Here’s the rundown on Jim’s IMS insights:
The issue at hand:
“Throughout 2020 we saw frustration, we saw protests… we saw the world bleed. Not just because of Covid, but because there are so many groups within our society that felt like they’d lost a voice and that society had stopped respecting them as citizens”.
Amidst the global pandemic- which has hit BAME communities the hardest- various events throughout the past year gave added exposure to long-standing, institutionalised inequalities present across the world. Minority groups are tired of being marginalised, and it’s up to society as a whole to step-up. At IMS, Jim expressed how these groups are looking for brands “that help them find their voice, to be represented, to be spoken to and to be understood”.
The marketing and advertising space is one that has struggled with underrepresentation for too long. As marketeers, it’s up to us to ensure that we are providing a platform for voices to be heard, and that a diverse range of voices and lived experiences are reflected in what we put back out into the world.
Jim acknowledged that brands are beginning to step up; “the amount of RFP’s that reference D&I is phenomenal. It’s a great first step, that we are acknowledging that advertising has to change. It has to be more accommodating, more diverse…”. However, all too familiar to Jim are the RFP’s that briefly and vaguely mention, somewhere at the bottom, that ‘diversity is important to our brand and it needs to be reflected in the campaign’. This recognises a commitment to D&I, but pushes it to the background as a matter of low-priority.
Brands need to ask themselves- how are we trying to connect with these audiences? What actions are we going to take to achieve that connection? How can our campaign reflect the value we place on diversity and inclusion?
Put simply, to gain understanding we have to listen– “We have to be willing to hear uncomfortable truths. We have to try and empathise with people that have got completely different experiences than our own”.
This all amounts to one thing: having uncomfortable conversations: “It’s by having these conversations that we learn so much and we allow ourselves to grow”.
Step 1: Your People.
A good place to begin is by reviewing your values and commitments- do your values speak to diversity and inclusion? For brands and agencies alike, the conversation has to start at home by nurturing a diverse workplace. Using TAKUMI as an example, Jim spoke of our hiring strategy that has been rewritten “to ensure that we hire people that share our values, but with different life experiences…. A better, representative group of people”. It also means having ongoing discussions with those people, to establish how they are demonstrating and achieving diversity and inclusion in their work.
Step 2: Impactful conversations.
At TAKUMI, this has been followed up with the creation of an independent ethics committee- comprising of creators as well as experts in law, mental health and academia- “to ensure that our ethics are at the heart of everything we do and don’t just sit on a page of policy, but that they are actioned throughout the business”.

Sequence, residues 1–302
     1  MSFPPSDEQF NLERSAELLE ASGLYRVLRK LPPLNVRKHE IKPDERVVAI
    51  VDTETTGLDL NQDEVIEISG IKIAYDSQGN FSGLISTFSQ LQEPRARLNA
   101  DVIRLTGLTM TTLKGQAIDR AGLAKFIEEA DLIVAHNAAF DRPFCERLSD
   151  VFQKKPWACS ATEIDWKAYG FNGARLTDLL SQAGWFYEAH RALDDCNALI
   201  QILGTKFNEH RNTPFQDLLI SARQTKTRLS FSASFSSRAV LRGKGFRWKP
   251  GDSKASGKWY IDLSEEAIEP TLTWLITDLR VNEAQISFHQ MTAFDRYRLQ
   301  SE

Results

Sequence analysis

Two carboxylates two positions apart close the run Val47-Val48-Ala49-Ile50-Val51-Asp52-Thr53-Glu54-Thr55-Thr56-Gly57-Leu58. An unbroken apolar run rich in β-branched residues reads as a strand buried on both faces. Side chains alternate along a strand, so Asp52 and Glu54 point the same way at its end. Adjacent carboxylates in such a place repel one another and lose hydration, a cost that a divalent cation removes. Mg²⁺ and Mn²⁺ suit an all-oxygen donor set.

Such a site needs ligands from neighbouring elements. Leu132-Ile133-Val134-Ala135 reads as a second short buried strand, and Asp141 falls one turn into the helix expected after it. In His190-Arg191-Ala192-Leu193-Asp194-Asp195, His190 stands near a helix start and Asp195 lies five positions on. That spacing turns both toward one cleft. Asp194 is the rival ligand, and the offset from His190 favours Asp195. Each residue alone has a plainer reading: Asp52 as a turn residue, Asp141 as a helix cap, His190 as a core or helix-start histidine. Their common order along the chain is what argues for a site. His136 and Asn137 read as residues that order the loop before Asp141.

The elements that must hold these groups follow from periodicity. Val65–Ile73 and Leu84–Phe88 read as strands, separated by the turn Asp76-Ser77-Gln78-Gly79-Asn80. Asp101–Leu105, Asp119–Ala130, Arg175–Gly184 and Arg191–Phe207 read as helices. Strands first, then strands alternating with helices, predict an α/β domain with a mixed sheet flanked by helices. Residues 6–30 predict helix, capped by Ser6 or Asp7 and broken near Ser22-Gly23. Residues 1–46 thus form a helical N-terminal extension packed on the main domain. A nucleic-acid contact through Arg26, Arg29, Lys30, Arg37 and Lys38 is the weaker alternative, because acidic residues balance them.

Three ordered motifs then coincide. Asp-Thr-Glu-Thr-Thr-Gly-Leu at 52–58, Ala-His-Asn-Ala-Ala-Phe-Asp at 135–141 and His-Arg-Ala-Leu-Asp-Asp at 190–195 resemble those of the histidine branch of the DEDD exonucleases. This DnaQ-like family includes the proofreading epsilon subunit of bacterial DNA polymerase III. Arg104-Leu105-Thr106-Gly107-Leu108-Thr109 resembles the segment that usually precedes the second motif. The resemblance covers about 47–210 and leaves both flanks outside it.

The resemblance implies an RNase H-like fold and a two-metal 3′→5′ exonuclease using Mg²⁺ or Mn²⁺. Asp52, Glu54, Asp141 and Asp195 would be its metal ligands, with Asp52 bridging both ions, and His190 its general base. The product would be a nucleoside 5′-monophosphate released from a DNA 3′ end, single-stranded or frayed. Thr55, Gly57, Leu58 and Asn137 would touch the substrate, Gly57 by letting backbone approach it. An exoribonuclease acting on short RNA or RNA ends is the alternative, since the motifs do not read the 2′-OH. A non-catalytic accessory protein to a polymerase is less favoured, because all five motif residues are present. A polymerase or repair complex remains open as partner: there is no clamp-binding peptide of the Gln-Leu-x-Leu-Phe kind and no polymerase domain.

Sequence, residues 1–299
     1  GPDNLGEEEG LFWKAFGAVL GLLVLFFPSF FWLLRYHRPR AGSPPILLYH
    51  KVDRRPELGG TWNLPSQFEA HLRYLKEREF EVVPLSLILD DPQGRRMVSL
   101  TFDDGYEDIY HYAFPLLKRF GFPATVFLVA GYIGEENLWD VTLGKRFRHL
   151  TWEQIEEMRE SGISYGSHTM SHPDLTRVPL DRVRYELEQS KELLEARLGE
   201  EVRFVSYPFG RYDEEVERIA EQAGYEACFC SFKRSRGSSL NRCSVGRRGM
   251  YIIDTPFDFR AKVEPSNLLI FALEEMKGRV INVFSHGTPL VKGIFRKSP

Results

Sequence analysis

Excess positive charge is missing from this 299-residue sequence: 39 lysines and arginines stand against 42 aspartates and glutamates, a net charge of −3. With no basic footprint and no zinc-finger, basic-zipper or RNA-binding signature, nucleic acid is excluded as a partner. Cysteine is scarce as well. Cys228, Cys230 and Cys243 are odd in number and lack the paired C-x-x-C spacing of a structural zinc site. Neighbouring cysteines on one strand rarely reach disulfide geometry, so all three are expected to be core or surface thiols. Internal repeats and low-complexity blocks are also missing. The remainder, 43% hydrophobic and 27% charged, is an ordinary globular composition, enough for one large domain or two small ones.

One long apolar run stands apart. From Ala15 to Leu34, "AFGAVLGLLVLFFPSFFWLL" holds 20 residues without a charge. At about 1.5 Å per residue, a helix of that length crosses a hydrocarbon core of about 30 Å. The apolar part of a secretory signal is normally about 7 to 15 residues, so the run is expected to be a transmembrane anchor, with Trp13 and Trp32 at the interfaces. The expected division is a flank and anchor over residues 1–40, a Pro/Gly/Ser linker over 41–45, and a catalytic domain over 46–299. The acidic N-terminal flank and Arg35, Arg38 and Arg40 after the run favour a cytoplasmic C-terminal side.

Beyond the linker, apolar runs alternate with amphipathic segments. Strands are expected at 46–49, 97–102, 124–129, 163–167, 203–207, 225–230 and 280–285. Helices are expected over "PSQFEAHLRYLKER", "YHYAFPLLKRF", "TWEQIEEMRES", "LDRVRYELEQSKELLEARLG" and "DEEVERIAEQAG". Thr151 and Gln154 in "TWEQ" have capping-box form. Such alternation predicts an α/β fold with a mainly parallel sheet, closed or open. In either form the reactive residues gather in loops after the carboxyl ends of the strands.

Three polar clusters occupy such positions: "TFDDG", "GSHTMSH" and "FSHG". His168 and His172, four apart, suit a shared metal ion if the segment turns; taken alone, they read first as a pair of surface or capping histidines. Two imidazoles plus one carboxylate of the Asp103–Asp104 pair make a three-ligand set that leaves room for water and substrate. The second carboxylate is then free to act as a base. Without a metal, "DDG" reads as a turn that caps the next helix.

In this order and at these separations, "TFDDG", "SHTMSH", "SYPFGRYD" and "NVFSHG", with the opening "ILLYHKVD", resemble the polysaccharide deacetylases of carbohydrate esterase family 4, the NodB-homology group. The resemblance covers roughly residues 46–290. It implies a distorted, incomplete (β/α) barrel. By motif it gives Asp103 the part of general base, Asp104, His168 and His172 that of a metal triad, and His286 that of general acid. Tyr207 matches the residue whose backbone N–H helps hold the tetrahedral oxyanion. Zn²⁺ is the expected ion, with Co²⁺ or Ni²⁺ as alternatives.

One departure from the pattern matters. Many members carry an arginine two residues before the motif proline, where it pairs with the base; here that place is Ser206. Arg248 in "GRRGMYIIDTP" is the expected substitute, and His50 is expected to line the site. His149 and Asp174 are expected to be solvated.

As marketeers, it’s our responsibility to ensure that we provide an environment for our clients and creators that allows them to determine whether their own values align with one another, in order to form authentic and value-driven partnerships. At IMS, Jim shared how TAKUMI is trying to nurture this environment, through our Creator Collectives.
“What’s a collective? A bespoke group of creators and brands, taking on brand challenges and helping to feed into tricky problems that we are facing as we start to open up our advertising to be more specific, and a truer representation of the citizens that live in today’s world.”
Our Collectives unite talented creators that represent a diverse spectrum of subcultures, voices and life-experiences, empowering them to tackle the issues they truly care about. Giving brands access to Collectives allows them insight into these issues from the unique perspective of the creator as an advocate for their audience, whom they know and engage with in an authentic and reactive way.
“All of this helps brands go from well-meaning to well-doing”.
Step 3: Measuring effectiveness.
“We very rarely point tools inwards to understand the people that we assume we know already, and the results can be surprising”.
Feedback and analysis is essential to measure whether you’re successfully achieving the things you set out to achieve. These methods could vary depending on your brand, but for TAKUMI it’s all about advanced social listening. We l
isten to consumer audiences in real-time, to gain opinions on what we are doing and how a brand is represented online. We listen to our creators and take on their feedback, so that brands can make informed decisions.
Jim explained how these measurements enable us to improve our content delivery, our recruitment and partnerships of creators and brands, and ultimately our approach to diversity and inclusion.
The key takeaway:
Jim reminded IMS attendees that diversity and inclusion shouldn’t be a symbolic concept to make a brand look good on paper. It is a true value which, when committed to, prioritised and actively strived for, benefits everyone. Of course, going from well-meaning to well-doing is certainly easier said than done, but the IMS session highlighted where your good intentions can take you if they’re met with a bit of strategy along the way.
Actions do speak louder than words, but when it comes to effectively actioning your D&I commitments… it all starts with a conversation.